SÃO GABRIEL, BRAZIL – The three-day, 30-mile march stopped before the main gate. Hundreds of exhausted farmers from Brazil’s Landless Workers Movement (MST) fanned out along the fence. On the other side of the gate was the Southall Plantation, which for the last six years had been at the heart of a relentless struggle for land in southern Brazil.
Two people slammed metal farm tools into the lock, forcing it open. Marchers poured into the plantation, chanting “MST, MST!” as fireworks rocketed off in the distance. “Agrarian reform! MST! We will succeed!”
On Dec. 18, 700 families from 13 MST land occupations were awarded land from the Brazilian government in the São Gabriel region of Brazil’s southernmost state, Rio Grande do Sul.
“This is perhaps the most important victory in the region in the last 40 years, and maybe even the 40 years to come,” says Cristiano Schumacher, a regional coordinator of Brazil’s Movement for the Struggle for Housing, who came to support the landless movement.
The victory was unprecedented, mostly for its location. Two and a half centuries ago, the Treaty of Madrid turned present-day Rio Grande do Sul over to the Portuguese. The region of São Gabriel became the heart of the native Guaran’ resistance. In 1756, joint Spanish and Portuguese forces killed Guaran’ leader Sepé Tiaraju and 1,500 of his followers when they refused to leave their native lands. The Portuguese distributed the territory among the rich. Even today, “the large landowners have complete economic, territorial and political control over the whole Western region of Rio Grande do Sul,” says Ana Hanauer, a state MST leader.
Over the last six years, the MST has led marches, occupations and encampments in São Gabriel, but resistance from local landowners and the police has been fierce.
“This is a region that is completely dominated by the latifundios [large landowners],” says Hanauer, “We always struggled for land here, but we never achieved a settlement.”
But with the economic downturn, many of the region’s landowners face financial crisis, and eucalyptus pulp companies are moving in. Early last year, Alfredo Southall, owner of the Southall Plantation, agreed to sell half of his 32,000-acre ranch to Brazil’s Agrarian Reform Institute (INCRA), which is charged with purchasing and distributing unproductive state land to landless farmers. The property would be turned over to 350 MST families, and another 350 would be granted similar plots of land nearby.
“We marched last year, which was really hard, and lasted 60-plus days,” says Raquel, who like most MST members declined to giver her last name. She settled with her husband and 4-month-old baby in Itaguaçu, São Gabriel, in December.”Now we’re going to stay here in São Gabriel,” she says.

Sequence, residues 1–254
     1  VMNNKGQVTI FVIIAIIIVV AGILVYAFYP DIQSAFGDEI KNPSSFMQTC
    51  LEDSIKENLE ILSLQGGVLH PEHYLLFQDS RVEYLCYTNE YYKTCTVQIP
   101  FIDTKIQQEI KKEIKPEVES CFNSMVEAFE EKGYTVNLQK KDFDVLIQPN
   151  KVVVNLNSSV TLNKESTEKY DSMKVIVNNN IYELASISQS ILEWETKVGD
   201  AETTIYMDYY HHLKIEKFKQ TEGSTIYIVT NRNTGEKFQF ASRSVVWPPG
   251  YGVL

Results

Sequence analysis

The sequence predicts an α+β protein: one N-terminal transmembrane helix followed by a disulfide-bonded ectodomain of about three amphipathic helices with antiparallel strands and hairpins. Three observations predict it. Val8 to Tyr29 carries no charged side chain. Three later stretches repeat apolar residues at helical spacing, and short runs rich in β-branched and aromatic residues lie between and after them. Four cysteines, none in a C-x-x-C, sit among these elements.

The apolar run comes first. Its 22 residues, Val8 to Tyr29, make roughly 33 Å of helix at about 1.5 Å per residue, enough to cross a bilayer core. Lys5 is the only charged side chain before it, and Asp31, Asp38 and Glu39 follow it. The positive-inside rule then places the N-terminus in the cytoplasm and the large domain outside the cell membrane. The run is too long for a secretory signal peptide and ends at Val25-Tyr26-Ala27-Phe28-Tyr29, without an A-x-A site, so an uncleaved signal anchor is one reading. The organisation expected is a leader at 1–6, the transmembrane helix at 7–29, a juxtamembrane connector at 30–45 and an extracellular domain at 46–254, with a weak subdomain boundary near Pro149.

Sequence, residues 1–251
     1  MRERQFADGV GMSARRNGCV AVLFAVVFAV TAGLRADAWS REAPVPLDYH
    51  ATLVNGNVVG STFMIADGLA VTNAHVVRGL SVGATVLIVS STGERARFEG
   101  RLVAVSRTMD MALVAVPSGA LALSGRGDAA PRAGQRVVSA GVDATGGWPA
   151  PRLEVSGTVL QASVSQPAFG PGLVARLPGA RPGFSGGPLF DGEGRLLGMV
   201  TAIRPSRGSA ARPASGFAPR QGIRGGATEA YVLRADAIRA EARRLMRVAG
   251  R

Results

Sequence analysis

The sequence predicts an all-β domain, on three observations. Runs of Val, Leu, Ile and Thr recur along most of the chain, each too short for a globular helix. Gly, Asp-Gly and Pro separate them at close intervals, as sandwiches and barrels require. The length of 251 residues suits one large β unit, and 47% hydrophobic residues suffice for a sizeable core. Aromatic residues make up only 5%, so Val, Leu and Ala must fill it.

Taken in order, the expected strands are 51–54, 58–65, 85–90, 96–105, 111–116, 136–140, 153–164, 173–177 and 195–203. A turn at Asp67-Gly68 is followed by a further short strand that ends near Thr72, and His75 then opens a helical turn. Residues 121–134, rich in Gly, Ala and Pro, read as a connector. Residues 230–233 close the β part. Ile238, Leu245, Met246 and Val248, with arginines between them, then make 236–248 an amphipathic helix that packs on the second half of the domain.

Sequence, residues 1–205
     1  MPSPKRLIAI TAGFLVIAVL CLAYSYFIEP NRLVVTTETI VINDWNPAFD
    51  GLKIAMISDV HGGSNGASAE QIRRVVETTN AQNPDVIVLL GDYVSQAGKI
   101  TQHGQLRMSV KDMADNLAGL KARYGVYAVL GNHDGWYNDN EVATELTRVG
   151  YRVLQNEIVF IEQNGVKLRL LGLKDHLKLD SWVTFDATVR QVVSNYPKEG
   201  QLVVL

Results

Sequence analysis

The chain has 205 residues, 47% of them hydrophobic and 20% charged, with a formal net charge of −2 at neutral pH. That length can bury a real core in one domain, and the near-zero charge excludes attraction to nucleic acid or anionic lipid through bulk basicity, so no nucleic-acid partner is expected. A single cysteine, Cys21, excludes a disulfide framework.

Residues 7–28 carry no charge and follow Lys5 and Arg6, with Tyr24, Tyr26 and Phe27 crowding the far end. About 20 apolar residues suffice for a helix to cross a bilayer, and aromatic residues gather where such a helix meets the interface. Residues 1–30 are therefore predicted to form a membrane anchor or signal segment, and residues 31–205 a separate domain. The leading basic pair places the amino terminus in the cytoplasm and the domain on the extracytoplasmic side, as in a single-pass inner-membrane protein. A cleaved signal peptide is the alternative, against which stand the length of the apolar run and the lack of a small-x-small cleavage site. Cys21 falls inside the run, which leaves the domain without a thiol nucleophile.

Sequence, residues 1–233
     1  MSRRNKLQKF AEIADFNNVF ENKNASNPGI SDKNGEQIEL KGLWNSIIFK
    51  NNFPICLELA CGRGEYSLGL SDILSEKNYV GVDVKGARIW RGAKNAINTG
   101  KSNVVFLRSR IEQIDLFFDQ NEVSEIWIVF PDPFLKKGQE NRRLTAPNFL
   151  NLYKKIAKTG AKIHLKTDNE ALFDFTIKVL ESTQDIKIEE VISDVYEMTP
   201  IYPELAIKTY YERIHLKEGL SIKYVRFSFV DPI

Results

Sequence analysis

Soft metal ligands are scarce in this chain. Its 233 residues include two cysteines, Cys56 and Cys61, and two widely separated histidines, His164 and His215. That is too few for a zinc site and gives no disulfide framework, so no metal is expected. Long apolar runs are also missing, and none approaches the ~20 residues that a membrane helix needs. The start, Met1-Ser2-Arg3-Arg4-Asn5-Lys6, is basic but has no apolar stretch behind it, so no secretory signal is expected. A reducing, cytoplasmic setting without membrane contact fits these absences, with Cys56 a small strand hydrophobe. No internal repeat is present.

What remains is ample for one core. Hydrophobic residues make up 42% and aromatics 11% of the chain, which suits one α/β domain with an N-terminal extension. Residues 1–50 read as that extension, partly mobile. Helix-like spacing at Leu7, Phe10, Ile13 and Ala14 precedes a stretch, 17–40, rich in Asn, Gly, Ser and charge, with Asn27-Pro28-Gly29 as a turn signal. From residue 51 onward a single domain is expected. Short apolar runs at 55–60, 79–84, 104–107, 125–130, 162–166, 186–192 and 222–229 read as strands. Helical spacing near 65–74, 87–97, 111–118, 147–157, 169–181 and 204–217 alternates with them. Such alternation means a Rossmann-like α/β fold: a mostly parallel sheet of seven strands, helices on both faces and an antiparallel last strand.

But the road was not easy. Since Raquel moved into her first MST encampment four and a half years ago, she and her family have lived in temporary homes of thick black plastic tarp. They were violently removed by the Rio Grande do Sul police many times, she says. In June, the Rio Grande do Sul Justice Department called for the disbanding of the MST, labeling it “a threat to national security.”
The MST believes that this victory is only the first of many in the region. With unproductive plantations losing out to the eucalyptus pulp companies – such as the Brazilian multinational Aracruz – MST’s adversaries are no longer the same.
“These transnational corporations came to the state, destroying the land and promising thousands of jobs,” says Raquel’s husband, Santana, “where only one worker is responsible for more than 800 acres. But 20 families could be settled on that land.”
“The dispute now is agrarian reform or eucalyptus pulp monocropping,” Hanauer admits. “It’s the MST or the multinational companies.”
As the movement celebrates its 25th anniversary, the story is the same across Brazil. While the eucalyptus industry dominates the southern regions, the sugar cane and soy industries proliferate in the northeast, the central east and the Amazon. At its 2007 national conference, the MST highlighted the struggle of agrarian reform against the multinational agro-giants.
Brazilian President Luiz Inácio Lula da Silva made such reform a central theme in his 2002 campaign, but he quickly ratified his support for the agro-industry. In 2007, he shook hands with President Bush, promising to join forces to lead the world in ethanol production. Brazil’s agribusiness boom – accompanied by the arrival of U.S. corporations Cargill, ADM, Bunge and Monsanto – has knocked small farmers off their land and consolidated agricultural production into fewer hands.
Hanauer says the fight is “a small movement against giant, transnational corporations with foreign capital. It’s a dispute of very unequal forces.”
“But I’ll tell you, it’s worth it,” says Çigana, a mother of 11, who participated in the march to Southall and who also received a couple dozen acres of land in Itaguaçu in December. “Here in the movement we have peace, we have harmony, we have union. Life outside is only drug trafficking, theft, crime, and I don’t want that for my kids or my grandchildren.”
In this new book, longtime organizers and movement educators Mariame Kaba and Kelly Hayes examine the political lessons of the Covid-19 pandemic and its aftermath, including the convergence of mass protest and mass formations of mutual aid. Let This Radicalize You answers the urgent question: What fuels and sustains activism and organizing when it feels like our worlds are collapsing?
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